If you have a buck two-eighty, does it slip through your fingers like water?  This has been our experience for most of our lives, so we’re just wondering — is this the norm for most U.S. citizens?

We’ve spent years saving our money — then through need — depleting, saving, depleting, saving, depleting.  Raising five kids and supporting my mom in her later years contributed to the pattern.  We never looked too far ahead, because feces occurs.  We just went about our lives hoping for the best, and paying premium dollars for everything because we weren’t afforded that thing called “on approved credit”.  We laughed at television commercials that marketed to the conservative budget.  We determined that one can only retain a conservative budget if one is making more money than one needs.  How many of us does that include?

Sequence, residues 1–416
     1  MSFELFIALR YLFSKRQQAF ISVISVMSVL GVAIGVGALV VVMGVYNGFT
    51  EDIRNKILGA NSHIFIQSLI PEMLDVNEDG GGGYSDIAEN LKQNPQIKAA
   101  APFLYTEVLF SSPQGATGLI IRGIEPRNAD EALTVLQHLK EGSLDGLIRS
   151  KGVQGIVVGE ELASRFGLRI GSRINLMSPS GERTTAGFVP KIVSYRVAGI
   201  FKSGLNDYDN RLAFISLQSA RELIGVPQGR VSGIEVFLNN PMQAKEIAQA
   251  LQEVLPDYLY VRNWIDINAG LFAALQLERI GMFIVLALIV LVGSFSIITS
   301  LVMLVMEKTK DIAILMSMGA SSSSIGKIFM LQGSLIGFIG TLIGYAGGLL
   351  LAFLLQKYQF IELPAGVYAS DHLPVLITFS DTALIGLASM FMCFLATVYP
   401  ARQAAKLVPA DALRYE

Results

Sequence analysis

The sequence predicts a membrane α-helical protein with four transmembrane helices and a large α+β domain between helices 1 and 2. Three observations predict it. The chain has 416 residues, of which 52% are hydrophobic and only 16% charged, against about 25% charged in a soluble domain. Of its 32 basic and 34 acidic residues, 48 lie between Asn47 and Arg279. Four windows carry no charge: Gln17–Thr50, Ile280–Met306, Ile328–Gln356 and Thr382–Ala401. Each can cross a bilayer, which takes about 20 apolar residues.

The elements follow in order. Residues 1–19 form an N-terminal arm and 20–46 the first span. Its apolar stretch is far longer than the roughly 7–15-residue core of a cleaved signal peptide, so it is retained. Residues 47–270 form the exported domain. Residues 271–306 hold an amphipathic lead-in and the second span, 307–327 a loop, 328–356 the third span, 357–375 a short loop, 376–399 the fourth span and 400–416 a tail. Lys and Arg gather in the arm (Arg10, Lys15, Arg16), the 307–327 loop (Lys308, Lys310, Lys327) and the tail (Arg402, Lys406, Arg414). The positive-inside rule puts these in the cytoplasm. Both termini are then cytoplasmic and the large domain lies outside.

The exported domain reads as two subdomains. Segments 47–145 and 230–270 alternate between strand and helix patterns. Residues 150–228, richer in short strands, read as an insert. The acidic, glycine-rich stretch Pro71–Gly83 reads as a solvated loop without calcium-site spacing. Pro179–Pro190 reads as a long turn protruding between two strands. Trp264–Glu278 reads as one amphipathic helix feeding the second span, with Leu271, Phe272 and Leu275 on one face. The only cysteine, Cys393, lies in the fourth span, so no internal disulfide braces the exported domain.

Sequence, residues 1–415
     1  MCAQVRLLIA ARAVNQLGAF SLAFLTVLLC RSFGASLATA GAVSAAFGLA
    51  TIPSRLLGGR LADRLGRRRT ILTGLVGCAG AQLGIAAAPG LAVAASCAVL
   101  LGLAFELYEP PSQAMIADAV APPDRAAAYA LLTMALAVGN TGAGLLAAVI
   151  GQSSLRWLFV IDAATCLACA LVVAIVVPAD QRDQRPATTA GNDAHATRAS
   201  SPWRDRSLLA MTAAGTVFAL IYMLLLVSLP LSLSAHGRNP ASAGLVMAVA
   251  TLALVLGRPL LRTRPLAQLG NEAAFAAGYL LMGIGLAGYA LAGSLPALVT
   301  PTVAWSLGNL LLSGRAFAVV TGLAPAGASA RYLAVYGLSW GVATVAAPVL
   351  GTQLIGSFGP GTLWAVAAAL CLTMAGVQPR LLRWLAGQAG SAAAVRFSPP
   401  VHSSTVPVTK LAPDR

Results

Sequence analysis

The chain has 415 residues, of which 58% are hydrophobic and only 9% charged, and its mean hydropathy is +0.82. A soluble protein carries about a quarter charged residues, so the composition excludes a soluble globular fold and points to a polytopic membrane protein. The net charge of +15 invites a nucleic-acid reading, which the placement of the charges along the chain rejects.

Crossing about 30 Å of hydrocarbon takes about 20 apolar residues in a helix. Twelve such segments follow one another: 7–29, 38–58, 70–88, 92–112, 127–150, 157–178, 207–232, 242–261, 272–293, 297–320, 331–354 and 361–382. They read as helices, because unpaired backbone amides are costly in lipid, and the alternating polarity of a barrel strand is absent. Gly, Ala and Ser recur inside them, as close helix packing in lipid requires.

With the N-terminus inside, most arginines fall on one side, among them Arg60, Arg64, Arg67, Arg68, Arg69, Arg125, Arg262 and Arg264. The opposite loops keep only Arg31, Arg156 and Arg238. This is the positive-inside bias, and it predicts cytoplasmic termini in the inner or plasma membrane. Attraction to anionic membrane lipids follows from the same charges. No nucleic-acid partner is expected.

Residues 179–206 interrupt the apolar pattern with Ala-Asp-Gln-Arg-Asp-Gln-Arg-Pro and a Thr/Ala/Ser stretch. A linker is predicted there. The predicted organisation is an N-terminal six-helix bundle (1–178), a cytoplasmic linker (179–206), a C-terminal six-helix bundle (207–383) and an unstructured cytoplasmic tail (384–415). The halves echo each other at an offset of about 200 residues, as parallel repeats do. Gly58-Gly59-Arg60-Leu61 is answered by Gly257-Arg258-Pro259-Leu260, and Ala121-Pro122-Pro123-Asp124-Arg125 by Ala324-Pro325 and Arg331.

I don’t know those statistics.  I only know that we were rarely in that group of survey participants.  People who live on the edge of their personal finances pay a premium to continue in the mainstream.  Car payments, house payments, credit card payments, and something as simple as a house improvement were all calculated at the outside interest rates (premium) for us.  We began to turn a jaded eye at the finance industry.  We had no choice.  We lived in the present.  And, the present meant we had to feed our family, pay for cars to get us to jobs that paid less than we’d hoped, and pay inflated rents because we couldn’t qualify for house loans.  We’ve been a landlord’s dream for over 30 years.  Oy.